Last week, on the 46th anniversary of Roe v. Wade, the New York state legislature passed the Reproductive Health Act (RHA), which was then signed by Governor Cuomo. The law protects the right of someone to obtain abortion care after 24 weeks of pregnancy if the health--not just the life--of the pregnant person is at risk, or if the fetus is not viable. It also decriminalizes abortion and treats it as an issue of public health by moving it from the penal code to the public health law. Although the bill has been introduced every session for multiple years, the recent switch to a Democratic majority in the New York State Senate enabled the passage of the bill.

AP Eye On the Courts Logo, against a stark image of the Supreme Court Building


Confirmation Hearing for Judicial Nominee Rao and Senate Judiciary Committee vote on Attorney General Nominee Barr

We are strongly opposing the confirmation of Neomi Rao to the U.S. Court of Appeals for the D.C. Circuit. Rao has made harmful and disparaging statements about communities of color, women, LGBTQ people, and sexual violence. Rao's hearing before the Senate Judiciary Committee is set for Tuesday, February 5.

We sent out a letter of opposition to the confirmation of William Barr[a] to serve as Attorney General at the U.S. Department of Justice. Barr's record establishes his hostility towards reproductive rights, immigrant rights, LGBTQ rights, and criminal justice reform, among others. The duty of the Attorney General is to safeguard and enforce the civil rights laws of the United States. Barr's record on these issues demonstrates his inability to perform the duties of the office. Barr's nomination is currently pending a vote before the Senate Judiciary Committee on Thursday, February 7.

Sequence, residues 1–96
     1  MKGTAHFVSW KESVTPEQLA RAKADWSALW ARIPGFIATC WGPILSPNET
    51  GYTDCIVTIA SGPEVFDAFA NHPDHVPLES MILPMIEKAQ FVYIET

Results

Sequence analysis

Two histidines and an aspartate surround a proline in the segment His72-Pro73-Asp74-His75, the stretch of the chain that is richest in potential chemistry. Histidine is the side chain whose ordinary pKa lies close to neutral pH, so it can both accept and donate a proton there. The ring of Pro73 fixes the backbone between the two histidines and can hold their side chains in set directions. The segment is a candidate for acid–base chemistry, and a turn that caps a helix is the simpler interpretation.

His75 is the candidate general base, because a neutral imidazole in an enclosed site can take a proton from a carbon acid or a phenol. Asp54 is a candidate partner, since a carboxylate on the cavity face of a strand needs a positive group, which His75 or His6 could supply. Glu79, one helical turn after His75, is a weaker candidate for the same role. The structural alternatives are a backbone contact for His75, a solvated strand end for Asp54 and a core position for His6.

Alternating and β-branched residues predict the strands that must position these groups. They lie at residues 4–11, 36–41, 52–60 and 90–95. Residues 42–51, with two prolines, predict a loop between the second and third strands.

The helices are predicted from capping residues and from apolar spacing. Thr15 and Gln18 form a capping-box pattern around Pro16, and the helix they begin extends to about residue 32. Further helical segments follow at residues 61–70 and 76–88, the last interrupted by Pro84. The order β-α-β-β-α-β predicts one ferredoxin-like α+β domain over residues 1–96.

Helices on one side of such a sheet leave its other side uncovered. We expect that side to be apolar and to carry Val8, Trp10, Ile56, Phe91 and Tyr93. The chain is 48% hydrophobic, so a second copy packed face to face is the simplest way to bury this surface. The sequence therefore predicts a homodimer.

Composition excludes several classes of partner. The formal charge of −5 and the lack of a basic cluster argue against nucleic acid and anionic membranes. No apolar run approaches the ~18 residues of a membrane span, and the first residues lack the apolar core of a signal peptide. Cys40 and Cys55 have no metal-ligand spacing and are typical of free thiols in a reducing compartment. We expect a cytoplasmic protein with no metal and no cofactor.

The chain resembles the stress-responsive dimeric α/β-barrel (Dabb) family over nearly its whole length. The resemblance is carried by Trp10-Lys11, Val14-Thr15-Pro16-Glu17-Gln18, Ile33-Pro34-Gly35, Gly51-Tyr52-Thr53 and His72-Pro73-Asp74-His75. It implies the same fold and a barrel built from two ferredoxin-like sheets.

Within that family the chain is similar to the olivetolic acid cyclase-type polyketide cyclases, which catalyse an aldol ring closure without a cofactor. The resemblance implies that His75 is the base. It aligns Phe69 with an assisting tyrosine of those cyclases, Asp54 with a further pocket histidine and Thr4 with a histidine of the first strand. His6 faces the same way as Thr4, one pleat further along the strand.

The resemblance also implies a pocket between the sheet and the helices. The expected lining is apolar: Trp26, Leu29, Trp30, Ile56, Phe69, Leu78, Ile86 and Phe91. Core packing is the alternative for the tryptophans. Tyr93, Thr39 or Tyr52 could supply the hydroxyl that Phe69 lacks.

Appeals Court Considering South Carolina's Disqualification of Planned Parenthood from Medicaid

The federal appeals court for the Fourth Circuit is currently considering a case challenging the state of South Carolina's attempt to disqualify Planned Parenthood as a Medicaid provider. Last week, NAPAWF, along with the National Latina Institute for Reproductive Health, In Our Own Voice: Black Women's Reproductive Justice Agenda, and the Center for Reproductive Rights, filed an amicus brief in support of Planned Parenthood, in which we explain the harm to women of color that would result from South Carolina's actions, the particular importance of the right to choose one's medical provider for women of color, and the vital importance of the "private right of action" enforcement mechanism for Medicaid beneficiaries.

Other Legal News

  • Check out our op-ed in Rewire on the Trump Administration's new rules regarding birth control coverage, which would vastly expand the number of employers allowed exemptions from covering birth control for their employees, and the harmful impact these rules would have on AAPI women if they go into effect.
  • Stay vigilant and up to date on legal news by following our new legal blog, AP(Eye) on the Courts!